My neighbor and friend is a lawyer representing the religious group Unaio do Vegetal (UdV) here in Santa Fe. There may be a property dispute between that religious organization and Santa Fe County. He came by a few weeks ago to open my eyes to yet another manifestation of the unusual nature of humans and religion. "This group, Uniao do Vegetal, uses some kind of tea for communion. Their a Christian group, but are facing resistence to building a church building from the people in that neighborhood who are concerned that they are a cult."
I'm on the board of the Interfaith Leadership Alliance here in town. We are mainly a bunch of Christian church leaders, with a few Jews and one Muslim leader who are members. We have agreed to sit around the table with one another without thinking that "others" are going to hell, at least that's how the Rabbi describes it. We would certainly not want to see religious discrimination in our town, and would consider leadership from various faiths to join our group so long as they share similar values to do justice and are not "self-ordained" people.
UdV has sought to meet with representatives from the ILA in order to begin dialogue and muster potential support in the community were their case to go public and they need some kind of backing for credibility. Currently under federal law, recognized legal religious institutions can buy property and set up shop pretty much wherever they please, so long as they don't violate any building codes, etc (I think that's right). Religious freedom is a great value in this country. UdV is a legal religion, as they won their case before the Supreme Court and are allowed to import and use the tea: www.udvusa.com
So we set up a meeting with UdV to learn more about them, and see how we might be of assistance. We came out of the meeting agreeing that they should be able to build their building. But, as we learned more about their religion, we were kind of scratching our heads. How is this a Christian religion? They have some unusual practices.
Here are a few of the highlights:
- The main controversy of their practice is that they use a tea for communion. This isn't Earl Grey. It is made with two types of leaves (or a stem and a leaf of two different plants) which are found in the jungles of the Amazon forest. These two plants together produce a chemical that causes hallucinations, and therefore is a contraband substance.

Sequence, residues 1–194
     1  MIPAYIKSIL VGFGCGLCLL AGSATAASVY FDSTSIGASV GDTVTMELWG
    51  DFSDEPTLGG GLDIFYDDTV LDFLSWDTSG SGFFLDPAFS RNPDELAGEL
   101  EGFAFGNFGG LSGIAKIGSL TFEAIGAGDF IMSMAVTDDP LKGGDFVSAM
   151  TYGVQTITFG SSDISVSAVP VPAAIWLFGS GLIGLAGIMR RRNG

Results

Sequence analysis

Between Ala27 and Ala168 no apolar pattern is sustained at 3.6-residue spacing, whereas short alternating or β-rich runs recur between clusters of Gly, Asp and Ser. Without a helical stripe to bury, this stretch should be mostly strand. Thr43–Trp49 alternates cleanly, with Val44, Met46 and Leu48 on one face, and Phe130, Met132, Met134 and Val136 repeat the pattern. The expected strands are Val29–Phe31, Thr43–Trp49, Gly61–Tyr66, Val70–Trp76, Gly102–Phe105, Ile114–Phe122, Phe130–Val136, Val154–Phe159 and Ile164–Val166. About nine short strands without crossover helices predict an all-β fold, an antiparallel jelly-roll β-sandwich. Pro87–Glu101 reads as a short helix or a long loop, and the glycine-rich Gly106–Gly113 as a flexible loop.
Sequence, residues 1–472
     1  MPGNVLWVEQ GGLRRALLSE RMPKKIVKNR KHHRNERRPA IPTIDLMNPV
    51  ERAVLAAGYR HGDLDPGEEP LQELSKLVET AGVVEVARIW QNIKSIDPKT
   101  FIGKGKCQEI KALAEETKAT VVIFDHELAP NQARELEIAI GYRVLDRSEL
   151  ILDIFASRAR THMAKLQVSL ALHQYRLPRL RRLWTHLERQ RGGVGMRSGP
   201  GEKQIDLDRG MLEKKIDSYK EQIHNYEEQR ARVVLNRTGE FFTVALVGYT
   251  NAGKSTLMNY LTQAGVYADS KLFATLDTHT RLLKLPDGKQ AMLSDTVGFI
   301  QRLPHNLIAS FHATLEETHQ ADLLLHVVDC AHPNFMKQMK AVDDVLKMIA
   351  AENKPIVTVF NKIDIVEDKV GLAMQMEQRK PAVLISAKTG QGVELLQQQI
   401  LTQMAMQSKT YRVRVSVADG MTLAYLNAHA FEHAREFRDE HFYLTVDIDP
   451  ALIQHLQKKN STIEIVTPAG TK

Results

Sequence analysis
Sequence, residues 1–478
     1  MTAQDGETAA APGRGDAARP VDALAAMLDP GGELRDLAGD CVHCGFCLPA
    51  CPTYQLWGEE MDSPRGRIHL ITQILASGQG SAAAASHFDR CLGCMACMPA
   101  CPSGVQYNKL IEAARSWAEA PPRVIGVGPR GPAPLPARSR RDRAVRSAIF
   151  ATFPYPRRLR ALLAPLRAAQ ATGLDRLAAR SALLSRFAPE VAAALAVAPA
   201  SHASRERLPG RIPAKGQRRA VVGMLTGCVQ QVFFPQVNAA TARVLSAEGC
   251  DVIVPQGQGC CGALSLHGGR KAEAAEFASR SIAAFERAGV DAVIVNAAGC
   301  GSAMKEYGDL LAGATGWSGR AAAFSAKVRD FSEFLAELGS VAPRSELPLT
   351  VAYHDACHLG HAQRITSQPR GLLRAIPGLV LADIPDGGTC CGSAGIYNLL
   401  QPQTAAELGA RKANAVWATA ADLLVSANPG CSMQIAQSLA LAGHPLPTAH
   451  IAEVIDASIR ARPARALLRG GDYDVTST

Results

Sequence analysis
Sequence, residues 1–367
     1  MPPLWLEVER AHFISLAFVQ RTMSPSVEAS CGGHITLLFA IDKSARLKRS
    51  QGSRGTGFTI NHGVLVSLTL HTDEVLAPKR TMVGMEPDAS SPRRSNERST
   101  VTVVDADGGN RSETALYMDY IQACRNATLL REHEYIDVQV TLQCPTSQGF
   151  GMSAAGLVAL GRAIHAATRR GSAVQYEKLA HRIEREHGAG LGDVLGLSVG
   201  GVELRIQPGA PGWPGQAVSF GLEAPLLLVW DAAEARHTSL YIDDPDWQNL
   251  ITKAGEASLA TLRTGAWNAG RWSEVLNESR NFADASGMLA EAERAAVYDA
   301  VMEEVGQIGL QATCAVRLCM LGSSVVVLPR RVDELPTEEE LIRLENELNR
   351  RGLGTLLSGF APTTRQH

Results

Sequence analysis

- The religion is currently in it's third manifestation in history, this time out of Brazil; The first was in the early 3rd or 4th century in Europe, and the second was in the 12th century in Peru.
- They believe in reincarnation.
- They don't use the Bible
-They teach doctrine as handed down from the leader of the third manifestation, and reading and discussion takes place on this doctrine during the "sessions", or services of worship
- They call themselves Christian because they believe that they encounter Christ, and salvation offered in Christ, when they drink the tea.
- "Sessions" are on Saturday evenings beginning at eight. They drink the tea early on and then have fellowship with each other, including a meal, until midnight. Then they go home. The effects of the tea have worn off by this time.
-The services are at 8 on Saturday as prescripted by the leader of the third manifestation as an alternative to those who would go out on Saturday night and engage in immoral behavior.
- Children are allowed to drink the tea in small doses. But not until one is 18 can they fully partake.
- Visitors are examined thoroughly as to their intentions for being at the "session". And it is not until certain degrees of approbation is one allowed to participate in the tea drinking ritual. This is to ensure that their intentions are genuine.
We had a very interesting discussion, to say the least. I was very thankful for the other representatives of the ILA for their openness and critique of what was taking place. Maggie Monroe was particularly astute in her interaction, as she works with Habitat for Humanity and knows a lot about property issues and working with the county, and she has a genuine curiosity about religious liberties and practices.
Alas, only in santa fe might I have these kind of encounters. Who knows, I may end up serving a hot bowl of soup to a homeless person next to someone from UdV this winter. But, most likely it won't be on a Saturday night. Something else hot will be served, perhaps in a religious building?